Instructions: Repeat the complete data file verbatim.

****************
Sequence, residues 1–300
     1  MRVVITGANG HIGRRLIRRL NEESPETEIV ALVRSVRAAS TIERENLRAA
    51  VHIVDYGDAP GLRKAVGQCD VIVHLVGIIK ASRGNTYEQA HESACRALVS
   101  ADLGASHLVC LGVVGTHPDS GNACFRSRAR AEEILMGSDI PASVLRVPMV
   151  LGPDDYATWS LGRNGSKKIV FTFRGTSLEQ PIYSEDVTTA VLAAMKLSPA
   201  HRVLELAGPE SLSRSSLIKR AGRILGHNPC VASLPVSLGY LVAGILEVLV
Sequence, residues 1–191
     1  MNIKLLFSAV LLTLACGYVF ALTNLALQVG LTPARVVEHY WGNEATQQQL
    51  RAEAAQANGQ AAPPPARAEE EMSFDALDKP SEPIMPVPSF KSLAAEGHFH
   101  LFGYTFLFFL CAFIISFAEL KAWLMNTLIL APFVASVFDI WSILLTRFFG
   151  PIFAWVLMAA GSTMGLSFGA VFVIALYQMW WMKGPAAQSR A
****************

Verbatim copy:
Sequence, residues 1–300
     1  MRVVITGANG HIGRRLIRRL NEESPETEIV ALVRSVRAAS TIERENLRAA
    51  VHIVDYGDAP GLRKAVGQCD VIVHLVGIIK ASRGNTYEQA HESACRALVS
   101  ADLGASHLVC LGVVGTHPDS GNACFRSRAR AEEILMGSDI PASVLRVPMV
   151  LGPDDYATWS LGRNGSKKIV FTFRGTSLEQ PIYSEDVTTA VLAAMKLSPA
   201  HRVLELAGPE SLSRSSLIKR AGRILGHNPC VASLPVSLGY LVAGILEVLV
Sequence, residues 1–191
     1  MNIKLLFSAV LLTLACGYVF ALTNLALQVG LTPARVVEHY WGNEATQQQL
    51  RAEAAQANGQ AAPPPARAEE EMSFDALDKP SEPIMPVPSF KSLAAEGHFH
   101  LFGYTFLFFL CAFIISFAEL KAWLMNTLIL APFVASVFDI WSILLTRFFG
   151  PIFAWVLMAA GSTMGLSFGA VFVIALYQMW WMKGPAAQSR A